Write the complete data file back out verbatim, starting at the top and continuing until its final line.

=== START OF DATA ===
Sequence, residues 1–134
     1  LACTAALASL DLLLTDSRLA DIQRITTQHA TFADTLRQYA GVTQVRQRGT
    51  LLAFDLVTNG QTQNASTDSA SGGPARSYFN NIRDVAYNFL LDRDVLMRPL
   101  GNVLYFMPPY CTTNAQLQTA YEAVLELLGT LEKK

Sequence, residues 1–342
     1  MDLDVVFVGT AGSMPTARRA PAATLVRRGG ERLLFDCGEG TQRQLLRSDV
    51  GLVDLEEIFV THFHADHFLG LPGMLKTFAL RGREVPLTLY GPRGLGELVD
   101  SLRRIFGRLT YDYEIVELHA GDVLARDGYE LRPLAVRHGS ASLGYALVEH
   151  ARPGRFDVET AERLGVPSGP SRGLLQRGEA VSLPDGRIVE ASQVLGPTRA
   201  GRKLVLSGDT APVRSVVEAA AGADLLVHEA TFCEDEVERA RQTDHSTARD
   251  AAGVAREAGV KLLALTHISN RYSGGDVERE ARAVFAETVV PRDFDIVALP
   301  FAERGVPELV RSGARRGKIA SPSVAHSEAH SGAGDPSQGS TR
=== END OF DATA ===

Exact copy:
Sequence, residues 1–134
     1  LACTAALASL DLLLTDSRLA DIQRITTQHA TFADTLRQYA GVTQVRQRGT
    51  LLAFDLVTNG QTQNASTDSA SGGPARSYFN NIRDVAYNFL LDRDVLMRPL
   101  GNVLYFMPPY CTTNAQLQTA YEAVLELLGT LEKK

Sequence, residues 1–342
     1  MDLDVVFVGT AGSMPTARRA PAATLVRRGG ERLLFDCGEG TQRQLLRSDV
    51  GLVDLEEIFV THFHADHFLG LPGMLKTFAL RGREVPLTLY GPRGLGELVD
   101  SLRRIFGRLT YDYEIVELHA GDVLARDGYE LRPLAVRHGS ASLGYALVEH
   151  ARPGRFDVET AERLGVPSGP SRGLLQRGEA VSLPDGRIVE ASQVLGPTRA
   201  GRKLVLSGDT APVRSVVEAA AGADLLVHEA TFCEDEVERA RQTDHSTARD
   251  AAGVAREAGV KLLALTHISN RYSGGDVERE ARAVFAETVV PRDFDIVALP
   301  FAERGVPELV RSGARRGKIA SPSVAHSEAH SGAGDPSQGS TR